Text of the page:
Poetry and Sports - strange bedfellows?

In: Guest Editorial

Selkirk FC have recently announced school librarian Thomas Clark as its poet-in-residence, the first Scottish Football Club to have such a post. We take a look at where poetry and sports have met before.

Picture for blog story Poetry and Sports - strange bedfellows?

Most poetry fans will be aware of Ian McMillan as Barnsley FC's famous poet. Fewer might be aware of Paul Cookson, poet-in-residence at the National Football Museum in Manchester. But In February of this year, Bohemians FC appointed Irish football’s first ever poet-in-residence, Lewis Kenny. A student from Cabra, Dublin, Lewis's poems about the club, Dalymount Park, football and the local community are published in the club’s match-day programmes.

Similarly, performance poet Attila the Stockbroker is in residence at Brighton & Hove FC, Forward Poetry Prize short-listee Sarah Wardle was with Tottenham Hotspur. Her second collection, SCORE! (Bloodaxe Books, 2005), includes some of the poems she broadcast while in residence for the club.

Historically within Irish literature, there is an undercurrent of sporting poems. Louis MacNeice has the poem 'Rugby Football Excursion', first published in The Earth Compels. Although, arguably only eight of its forty-four lines are devoted to the match. The rest are concerned with what happens before and afterwards. (This may be because the match in question was an Ireland-England interational that England won by 22 points. One could imagine the poet being a bit lengthier if Ireland had been the victors.

          "Landsdowne Road - the swirl of faces, flags,
          Gilbert and Sullivan music, emerald jerseys;"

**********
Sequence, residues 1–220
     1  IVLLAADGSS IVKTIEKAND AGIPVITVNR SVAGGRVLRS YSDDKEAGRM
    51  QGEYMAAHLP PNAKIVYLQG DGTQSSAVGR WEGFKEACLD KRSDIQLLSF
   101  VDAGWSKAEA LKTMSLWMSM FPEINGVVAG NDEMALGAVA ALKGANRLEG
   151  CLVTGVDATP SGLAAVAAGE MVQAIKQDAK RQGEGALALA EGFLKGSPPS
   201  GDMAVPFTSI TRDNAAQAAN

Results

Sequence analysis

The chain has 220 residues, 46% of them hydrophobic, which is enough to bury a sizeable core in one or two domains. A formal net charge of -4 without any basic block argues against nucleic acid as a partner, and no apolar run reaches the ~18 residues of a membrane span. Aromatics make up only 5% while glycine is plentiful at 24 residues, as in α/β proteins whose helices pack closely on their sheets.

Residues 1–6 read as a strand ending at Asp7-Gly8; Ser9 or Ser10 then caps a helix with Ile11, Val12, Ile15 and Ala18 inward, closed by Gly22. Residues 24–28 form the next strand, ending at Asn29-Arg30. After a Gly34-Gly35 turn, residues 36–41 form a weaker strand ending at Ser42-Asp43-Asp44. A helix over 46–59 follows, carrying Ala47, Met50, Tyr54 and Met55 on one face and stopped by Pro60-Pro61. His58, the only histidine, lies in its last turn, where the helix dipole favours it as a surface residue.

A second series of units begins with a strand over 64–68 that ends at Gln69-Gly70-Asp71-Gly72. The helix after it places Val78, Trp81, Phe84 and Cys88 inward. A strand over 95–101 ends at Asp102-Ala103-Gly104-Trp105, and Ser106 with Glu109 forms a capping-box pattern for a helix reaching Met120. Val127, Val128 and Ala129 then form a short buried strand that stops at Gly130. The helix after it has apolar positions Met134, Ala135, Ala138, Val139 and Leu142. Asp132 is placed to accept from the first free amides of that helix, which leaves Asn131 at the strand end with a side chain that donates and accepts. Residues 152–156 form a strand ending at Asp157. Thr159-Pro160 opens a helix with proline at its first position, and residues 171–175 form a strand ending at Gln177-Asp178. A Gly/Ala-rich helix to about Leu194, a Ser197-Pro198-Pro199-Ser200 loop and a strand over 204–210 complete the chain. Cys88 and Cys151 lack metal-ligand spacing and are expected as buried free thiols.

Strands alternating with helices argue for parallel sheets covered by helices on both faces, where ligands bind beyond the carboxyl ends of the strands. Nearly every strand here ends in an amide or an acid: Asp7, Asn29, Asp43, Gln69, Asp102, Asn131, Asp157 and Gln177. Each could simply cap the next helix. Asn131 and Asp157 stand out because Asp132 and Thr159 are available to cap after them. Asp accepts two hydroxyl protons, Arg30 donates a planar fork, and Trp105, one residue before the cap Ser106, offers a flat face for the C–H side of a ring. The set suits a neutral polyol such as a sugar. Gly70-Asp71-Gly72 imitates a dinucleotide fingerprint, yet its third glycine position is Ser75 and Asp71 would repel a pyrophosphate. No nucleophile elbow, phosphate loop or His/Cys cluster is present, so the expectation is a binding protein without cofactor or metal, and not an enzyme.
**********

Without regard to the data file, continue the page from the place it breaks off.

Brendan Kane's popular poem 'The Beautiful Game' is from time to time reprinted in GAA programmes. it deals with a player trying to score three much needed points with only a minute left on the clock.

          I step up to the ball and look towards the posts,
          Is that the crowd I hear, or is it the ghosts 
          Of men who before me have faced the same test, 
          And never once failed to give of their best.

Rudyard Kipling's 'If' was originally inspired by the military actions of Leander Starr Jameson, although it's often been adopted and appropriated into a sporting context. Reading it alongside 'The Beautiful Game', it is easy to see why.

Gaelic games seem to attract more romanticism than soccer, with poems such as '1907 Hurlers of Turloughmore', Gabriel Fitzmaurice's poems 'A Footballer', 'A Giant Never Dies' and 'Munster Football Final, 1924’, and Seamus Redmond's 'The Hurler's Prayer' (see below Mícheál Ó Muircheartaigh's reading of it from RTÉ, oddly set to the tune of Lana Del Ray's 'Video Games'). In Alternative Ulsters: Conversations on Identity, Mark Carruthers' series of interviews with prominent Ulster people, Seamus Heaney speaks of being awareness of his 'Irishness' through family, church, and interestingly, through Gaelic football. The first part of his poem 'Markings' from Seeing Things (1991), probably best captures his childhood experience:

          We marked the pitch: four jackets for four goalposts, 
          That was all. The corners and the squares
          Were there like longitude and latitude
          Under the bumpy ground, to be
          Agreed about or disagreed about
          When the time came. And then we picked the teams
          And crossed the line our called names drew between us.

In the early years of the GGA, founded in 1884, the games were often centres political and patriotic displays, as well as other cultural activities, such as Irish dancing and poetry recitals. There's probably too much politics in sports already, but it's a glorious thought to imagine poetry returning to the fields of our sporting arenas, giving verse to the masses. With Paul Cookson, the National Football Museum and the Premier League working with the National Literary Trust to promote Football Poetry Days and Premier League Reading Stars, it may happen again sooner than we think.

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